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Analysis: Reasons behind US House's approval of bailout plan
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The U.S. House of Representatives on Friday approved a 700 billion dollar Wall Street rescue plan with a 263-171 vote, authorizing the Bush administration to make the largest financial intervention after the Great Depression.

U.S. House of Representatives Speaker Nancy Pelosi (front L) presents the financial rescue package bill she just signed in Washington, Oct. 3, 2008. [Xinhua] 

Under the plan, the federal government has the power to buy bad mortgage-related securities and other devalued assets from embattled financial institutions to help them resume lending to businesses and consumers, preventing a widening credit crisis from driving the economy into a recession.

Just four days ago, the House had rejected the plan by a vote of 228-205. However, what happened in the past few days changed the position of House lawmakers who had voted no to the bill.

Deterioration of economic situation

After the massive rescue plan failed in the House Monday, Wall Street's fears that the country was heading toward a spiraling credit and economic crisis intensified.

As a result, the Dow Jones average plunged by almost 780 points, or nearly 7 percent, marking the biggest single-day drop ever.

Broader stock indicators also tumbled. The Standard & Poor's 500 index and the Nasdaq composite index dropped by a even bigger 8.81 percent and 9.14 percent respectively.

The turmoil was followed by the news that Wachovia Corp., one of the biggest banks hit by rising mortgage losses, had sold out to Citigroup Inc.

The takeover of Wachovia by Citi followed the recent forced sale of Merrill Lynch & Co. and the failure of three other huge banking companies -- Bear Stearn Co., Washington Mutual Inc. and Lehman Brothers Holdings Inc., all of which fell due to bad mortgage investments.

The big worry was that more institutions would follow. The Federal Deposit Insurance Corp. has a list of more than 110 banks that were in trouble in the second quarter, and the number has surely grown in the third.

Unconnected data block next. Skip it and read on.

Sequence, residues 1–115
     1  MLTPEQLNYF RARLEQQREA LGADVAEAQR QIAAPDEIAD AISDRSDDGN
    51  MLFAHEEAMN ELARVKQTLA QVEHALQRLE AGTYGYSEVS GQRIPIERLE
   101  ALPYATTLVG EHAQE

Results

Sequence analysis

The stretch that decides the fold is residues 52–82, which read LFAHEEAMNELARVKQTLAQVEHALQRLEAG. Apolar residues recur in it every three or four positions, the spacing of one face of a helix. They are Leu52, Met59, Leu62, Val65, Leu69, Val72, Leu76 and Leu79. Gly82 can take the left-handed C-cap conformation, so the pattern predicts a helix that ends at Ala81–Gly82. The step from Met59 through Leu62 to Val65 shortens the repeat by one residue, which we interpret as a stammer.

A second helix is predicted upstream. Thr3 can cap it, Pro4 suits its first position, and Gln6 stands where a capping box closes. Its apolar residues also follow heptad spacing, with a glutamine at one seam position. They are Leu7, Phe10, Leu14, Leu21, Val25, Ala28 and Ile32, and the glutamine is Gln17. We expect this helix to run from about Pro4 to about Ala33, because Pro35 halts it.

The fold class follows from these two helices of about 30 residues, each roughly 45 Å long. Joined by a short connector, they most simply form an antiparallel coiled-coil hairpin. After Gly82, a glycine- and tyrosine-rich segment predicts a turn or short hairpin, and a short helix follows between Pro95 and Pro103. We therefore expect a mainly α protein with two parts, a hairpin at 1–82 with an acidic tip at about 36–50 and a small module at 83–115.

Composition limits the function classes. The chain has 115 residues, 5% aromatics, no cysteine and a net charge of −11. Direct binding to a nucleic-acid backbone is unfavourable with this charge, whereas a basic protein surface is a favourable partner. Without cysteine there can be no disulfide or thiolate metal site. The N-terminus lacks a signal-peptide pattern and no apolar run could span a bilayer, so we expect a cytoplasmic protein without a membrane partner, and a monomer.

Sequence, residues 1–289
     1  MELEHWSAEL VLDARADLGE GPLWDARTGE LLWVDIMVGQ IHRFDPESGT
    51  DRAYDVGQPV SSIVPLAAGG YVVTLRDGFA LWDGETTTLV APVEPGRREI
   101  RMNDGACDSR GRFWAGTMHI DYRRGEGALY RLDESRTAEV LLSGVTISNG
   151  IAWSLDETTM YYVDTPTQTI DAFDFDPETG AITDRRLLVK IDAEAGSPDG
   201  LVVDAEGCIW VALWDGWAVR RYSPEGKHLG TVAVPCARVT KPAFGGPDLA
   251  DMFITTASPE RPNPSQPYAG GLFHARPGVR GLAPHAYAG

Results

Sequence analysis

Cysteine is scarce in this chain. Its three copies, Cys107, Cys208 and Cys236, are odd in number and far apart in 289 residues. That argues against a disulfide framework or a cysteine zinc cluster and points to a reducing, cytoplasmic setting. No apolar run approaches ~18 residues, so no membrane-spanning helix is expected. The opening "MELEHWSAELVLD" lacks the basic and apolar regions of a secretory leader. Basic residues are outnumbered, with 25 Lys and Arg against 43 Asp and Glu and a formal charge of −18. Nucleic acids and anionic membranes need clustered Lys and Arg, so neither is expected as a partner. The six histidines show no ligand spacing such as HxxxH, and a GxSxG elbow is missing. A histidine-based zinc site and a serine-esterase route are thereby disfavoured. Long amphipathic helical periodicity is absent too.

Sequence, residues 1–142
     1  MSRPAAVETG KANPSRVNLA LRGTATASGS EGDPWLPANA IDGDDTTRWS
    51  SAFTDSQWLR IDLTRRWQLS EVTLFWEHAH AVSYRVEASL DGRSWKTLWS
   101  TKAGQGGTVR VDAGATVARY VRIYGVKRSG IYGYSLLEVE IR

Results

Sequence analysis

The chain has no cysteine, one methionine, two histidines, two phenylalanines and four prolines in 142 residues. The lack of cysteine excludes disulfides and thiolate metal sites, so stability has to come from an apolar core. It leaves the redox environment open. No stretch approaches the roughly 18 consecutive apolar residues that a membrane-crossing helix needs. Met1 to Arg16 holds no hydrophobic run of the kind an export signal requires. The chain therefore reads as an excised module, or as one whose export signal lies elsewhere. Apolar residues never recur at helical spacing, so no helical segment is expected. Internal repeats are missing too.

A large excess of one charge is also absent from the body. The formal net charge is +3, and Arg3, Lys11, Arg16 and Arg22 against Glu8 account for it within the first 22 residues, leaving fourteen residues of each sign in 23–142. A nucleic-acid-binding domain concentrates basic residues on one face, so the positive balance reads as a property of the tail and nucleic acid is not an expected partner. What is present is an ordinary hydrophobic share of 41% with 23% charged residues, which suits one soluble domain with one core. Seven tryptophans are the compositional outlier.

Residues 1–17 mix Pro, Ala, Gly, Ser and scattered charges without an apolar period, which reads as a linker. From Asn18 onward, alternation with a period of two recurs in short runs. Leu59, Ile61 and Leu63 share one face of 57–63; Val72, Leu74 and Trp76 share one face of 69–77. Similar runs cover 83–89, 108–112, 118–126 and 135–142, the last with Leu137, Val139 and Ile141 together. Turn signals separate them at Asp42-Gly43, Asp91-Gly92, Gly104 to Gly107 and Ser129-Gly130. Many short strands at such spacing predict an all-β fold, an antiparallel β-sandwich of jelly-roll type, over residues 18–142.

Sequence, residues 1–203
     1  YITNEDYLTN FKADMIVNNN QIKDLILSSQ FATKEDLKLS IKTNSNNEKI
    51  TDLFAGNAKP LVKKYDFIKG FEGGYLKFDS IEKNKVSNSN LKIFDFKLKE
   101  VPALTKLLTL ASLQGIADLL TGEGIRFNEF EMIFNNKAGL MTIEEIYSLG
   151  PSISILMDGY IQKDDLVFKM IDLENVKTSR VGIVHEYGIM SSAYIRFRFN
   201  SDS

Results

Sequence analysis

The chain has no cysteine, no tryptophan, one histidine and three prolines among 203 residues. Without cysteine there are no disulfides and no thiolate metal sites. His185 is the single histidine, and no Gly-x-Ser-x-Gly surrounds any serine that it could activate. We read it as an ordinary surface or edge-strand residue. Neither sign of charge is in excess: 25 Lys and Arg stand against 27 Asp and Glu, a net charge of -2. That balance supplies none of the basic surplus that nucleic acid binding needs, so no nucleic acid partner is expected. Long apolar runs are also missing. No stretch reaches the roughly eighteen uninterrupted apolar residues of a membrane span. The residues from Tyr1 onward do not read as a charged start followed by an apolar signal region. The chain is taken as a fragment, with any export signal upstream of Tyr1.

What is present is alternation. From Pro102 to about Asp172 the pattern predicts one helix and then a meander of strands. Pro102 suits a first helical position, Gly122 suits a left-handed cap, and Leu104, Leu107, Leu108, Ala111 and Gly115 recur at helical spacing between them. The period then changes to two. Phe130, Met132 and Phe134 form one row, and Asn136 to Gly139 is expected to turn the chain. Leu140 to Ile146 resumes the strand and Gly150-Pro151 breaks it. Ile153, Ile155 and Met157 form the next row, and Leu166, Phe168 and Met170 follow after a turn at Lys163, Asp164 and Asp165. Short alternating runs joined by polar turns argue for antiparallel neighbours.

More gloomy news for the world's largest economy came before the House voted on the bill once again Friday.

Employers slashed some 159,000 jobs in September, the most since March 2003, while the nation's unemployment rate remained at a five-year high of 6.1 percent.

Home prices were plummeting and U.S. manufacturing activity fell to the lowest level since Oct. 2001.

With all these reminders of how troubled the nation's financial system and economy are, lawmakers irrespective of party affiliations would have to reconsider their rejection of the bill

Bill modified

The bill, thrown out of the House Monday, was passed in the Senate by a handsome 74-25 margin Wednesday.

Before the Senate's vote, however, the bill was modified to make it more attractive to House Republicans.

The modified bill raised the ceiling on federal insurance for bank deposits from 100,000 dollars to 250,000 dollars, as suggested by U.S. presidential candidates Democrat Barack Obama and Republican John McCain.

It added up to 150 billion dollars in tax break extensions for middle class families and businesses and retained the limits of "golden parachute" severance payments to disgraced Wall Street executives.

Another big change came from the Securities and Exchange Commission(SEC), which decided to ease rules that force companies to devalue assets on their balance sheets to reflect the price they can get on the market.

The modifications helped House Republicans claim credit for some substantive changes.

With constituent feedback changing dramatically and the market plunging following Monday's disapproval, lawmakers' comfort level with the bill rose markedly and their opposition eased.

Bush lobbies hard

President Bush has urged lawmakers to pass the rescue plan almost every day since the bill was submitted to Congress on Sept. 20.

It was unusual for the president himself to lobby aggressively for a bill's passage. The fact showed that the country is facing a severe financial crisis.

Noting that the bill is "urgently needed to address a crisis in our financial system that threatens the entire U.S. economy," Bush warned that the crisis in the financial markets "has gone way beyond New York and Wall Street."

"This is an issue that's affecting hardworking people," Bush told reporters after meeting with more than a dozen manufacturers and business owners from across the country Thursday.

"The House of Representatives must listen to these voices and get this bill passed so we can get about the business of restoring confidence," he emphasized.

The president even made one-on-one calls to lawmakers to persuade them to vote yes to the bill.

Since the credit crisis broke in August last year, a package of measures had been taken by the Bush administration to stabilize the market and shore up the economy.

But those efforts have produced little effect in boosting market confidence.

The Bush administration hopes that the rescue plan, designed to address the root problem of the financial crisis -- bad debt on the balance sheet of financial institutions -- will help achieve the goal.

While advocates hail the bailout plan as the best hope to save the financial system and revive the economy, some economists have warned people not to expect immediate results.

(Xinhua News Agency October 4, 2008)

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